If you have a small head, put on the wig you’ll be using. If it’s big on your head and you need to adjust the hooks in the back to keep it from shifting, you will have to take it in before making a ponytail. Cut open the elastic and the lower rows of wefts on both sides (a few inches behind the ears) and sew them together again so that the wig fits you just fine without needing to adjust the hooks at all.

Wigs are designed to be worn with their hair down. Whenever you pull them up into some sort of high ponytail or updo, the undermesh will show in the back. Ugh!

In order to prevent that, you will need to sew an extra weft or two along the bottom of the wig. This is done BEFORE you make the actual ponytail, so let’s take a look at how it’s done and what you need to get started…

3. Finding Wefts to Sew

How to obtain matching wefts to cover up the bald spots in your wig?

1.) You can make them yourself from loose extensions (silky straight kanekalon) using one of several no-sew or sewing techniques. Take a look at my tutorial: http://www.cosplay.com/photo/1079221/
or at this thread: http://www.cosplay.com/showthread.php?t=113387

You must use extensions that MATCH the color of your wig, so you need to be aware of the color number or color code (e.g., 12; 613; KAF1) when ordering both the wig and the extensions. Color numbers are a standard across the industry, color names – like “medium brown” or “blue” – are not!!!

Extensions are available in a limited range of colors, so be aware of what colors your supplier carries before you order the base wig.

2.) You can buy pre-made wefts (e.g., at the cosplay.com store or amphigory.com) or harvest an existing wig for wefts (use a seam ripper or sharp scissors to disconnect the wefts from the elastic or undermesh without cutting into the hair.) Again, make sure the colors match.

If your base wig is fairly thick, you can also rip a few wefts off of the back of the wig without leaving a bald spot!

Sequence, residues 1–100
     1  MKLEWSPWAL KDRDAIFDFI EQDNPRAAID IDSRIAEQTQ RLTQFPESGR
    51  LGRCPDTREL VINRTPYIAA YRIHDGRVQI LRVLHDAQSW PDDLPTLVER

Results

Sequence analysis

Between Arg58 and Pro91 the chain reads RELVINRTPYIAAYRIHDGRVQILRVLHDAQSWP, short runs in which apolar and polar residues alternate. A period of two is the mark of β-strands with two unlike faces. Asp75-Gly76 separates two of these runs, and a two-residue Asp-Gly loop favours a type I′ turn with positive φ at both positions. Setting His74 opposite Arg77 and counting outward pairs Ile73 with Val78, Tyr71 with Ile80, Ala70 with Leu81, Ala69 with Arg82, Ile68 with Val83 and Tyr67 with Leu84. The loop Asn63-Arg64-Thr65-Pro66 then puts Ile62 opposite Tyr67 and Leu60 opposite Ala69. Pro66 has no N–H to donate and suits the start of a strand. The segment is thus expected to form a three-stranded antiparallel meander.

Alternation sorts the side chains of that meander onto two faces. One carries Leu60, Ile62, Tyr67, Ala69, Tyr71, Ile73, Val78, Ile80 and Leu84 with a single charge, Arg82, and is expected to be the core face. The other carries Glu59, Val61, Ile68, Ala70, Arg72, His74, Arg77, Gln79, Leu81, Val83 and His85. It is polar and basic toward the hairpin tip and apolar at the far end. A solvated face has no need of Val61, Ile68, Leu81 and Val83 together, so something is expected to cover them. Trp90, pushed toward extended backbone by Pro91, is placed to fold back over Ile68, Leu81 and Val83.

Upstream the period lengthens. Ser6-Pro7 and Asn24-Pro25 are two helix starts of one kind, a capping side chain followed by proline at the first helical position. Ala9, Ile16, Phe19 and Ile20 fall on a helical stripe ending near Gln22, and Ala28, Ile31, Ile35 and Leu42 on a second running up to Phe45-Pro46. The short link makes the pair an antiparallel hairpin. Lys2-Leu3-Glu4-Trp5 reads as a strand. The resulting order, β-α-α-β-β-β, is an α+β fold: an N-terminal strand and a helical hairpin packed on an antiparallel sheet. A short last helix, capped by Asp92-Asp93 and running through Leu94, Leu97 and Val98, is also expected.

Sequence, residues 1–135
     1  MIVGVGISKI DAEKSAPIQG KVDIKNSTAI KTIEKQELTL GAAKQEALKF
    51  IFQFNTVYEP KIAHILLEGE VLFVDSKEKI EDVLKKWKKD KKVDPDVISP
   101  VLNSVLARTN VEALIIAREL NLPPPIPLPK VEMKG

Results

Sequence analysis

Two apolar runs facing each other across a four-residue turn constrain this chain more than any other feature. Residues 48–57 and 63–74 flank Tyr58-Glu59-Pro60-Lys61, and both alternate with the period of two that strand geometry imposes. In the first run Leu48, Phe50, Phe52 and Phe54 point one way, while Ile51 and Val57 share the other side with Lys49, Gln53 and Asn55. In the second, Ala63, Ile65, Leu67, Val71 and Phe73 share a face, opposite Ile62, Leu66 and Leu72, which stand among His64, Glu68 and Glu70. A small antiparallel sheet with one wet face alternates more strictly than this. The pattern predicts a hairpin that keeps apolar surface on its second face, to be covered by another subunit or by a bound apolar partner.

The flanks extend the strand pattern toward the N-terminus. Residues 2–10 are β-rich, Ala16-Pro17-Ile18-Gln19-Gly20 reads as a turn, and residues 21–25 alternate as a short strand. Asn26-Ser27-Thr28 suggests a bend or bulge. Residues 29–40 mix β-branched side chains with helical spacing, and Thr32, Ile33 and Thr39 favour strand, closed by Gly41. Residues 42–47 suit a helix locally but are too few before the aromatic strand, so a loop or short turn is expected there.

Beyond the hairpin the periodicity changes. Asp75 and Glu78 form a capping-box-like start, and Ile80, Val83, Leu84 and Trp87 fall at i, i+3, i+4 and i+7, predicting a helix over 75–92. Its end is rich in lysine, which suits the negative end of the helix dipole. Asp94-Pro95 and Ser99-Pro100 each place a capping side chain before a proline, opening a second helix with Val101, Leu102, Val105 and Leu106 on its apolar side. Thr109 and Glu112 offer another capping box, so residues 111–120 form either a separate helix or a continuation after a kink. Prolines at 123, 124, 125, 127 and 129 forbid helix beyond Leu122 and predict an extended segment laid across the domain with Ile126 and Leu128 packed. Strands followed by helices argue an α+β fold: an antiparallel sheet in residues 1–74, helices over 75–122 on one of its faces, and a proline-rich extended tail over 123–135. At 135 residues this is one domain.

Your weft(s) need(s) to be at least 15″ wide (the number of layers/wefts depends on how thick they are), and the fiber should be at least 12″ long.

4. Attaching Wefts

Using a ribbon or cut-open (!) elastic, tie the hair into a loose ponytail (simply to get it out of your way and keep it from tangling; claw clips are also helpful.) Turn the wig inside out. The elastic along the bottom back of the wig is where your weft(s) will go, and possibly the tabs and side front of the wig too. How much you need to conceal depends on how much coverage the hairstyle is going to give you – i.e., how tight and high the ponytail is supposed to be, and on how much hair from the front and sides is supposed to be pulled up into the ponytail.

Stretching the elastic TO THE MAX (!!!), pin the weft to the INSIDE of the elastic, pointing OUTWARDS.

Making a zigzag pattern will keep the weft from being too tight or bulging out when relaxed. A little bulging is fine, though, because the elastic will be stretched while it’s on your head later! If you don’t stretch the elastic enough while sewing on the weft, the wig will end up being too small!

Sew the weft on by hand, using matching thread. Make small, elastic (zigzag) stitches and be sure to catch the full width of the weft so it does not shift or flip.

Depending on the color and fullness of the wig and on how thick the wefts are (home-made, sewn wefts being thickest), you may need more than one weft to conceal the undermesh. Simply sew them on top of each other.

5. Attaching Wefts (Pt. 2)

Pin the wig to a wig head. The head MUST be your size; if it’s too small, stuff the wig with paper pin it down until it’s stretched to the max in the back. Pin down the edges of the skin top too if it looks like it’s warping.

Make sure the wig is centered on the head – use the center seam underneath the scalp, the elastic and tags in the back, and the tabs on the temples as guidelines!

Put lots of pins in the back of the wig to hold the elastic down and keep it from flipping or relaxing when you pull the fiber up into a ponytail.

6. Sectioning the Bangs

Separate the hair for the bangs from whatever you want pulled up / back into the ponytail. Make sure the undermesh does not show when the bangs are brushed forward and the rest of the hair is in a ponytail. Use a thick needle or the handle of a comb to section off the strands precisely. It’s usually a good idea to take some hair from the tabs / temple area and pull it back into the ponytail, while leaving the hair on top to hang over it and cover up any bald spots. In general, the loose hair should arch over the hair that is tied back.

If needed, sew more wefts to the sides of the wig, inbetween the existing wefts, to thicken up the base wig and cover up any bald spots.

Brush the hair forward and tie / clip it out of your way. You will cut and style the bangs last, after the ponytail is finished. Continue reading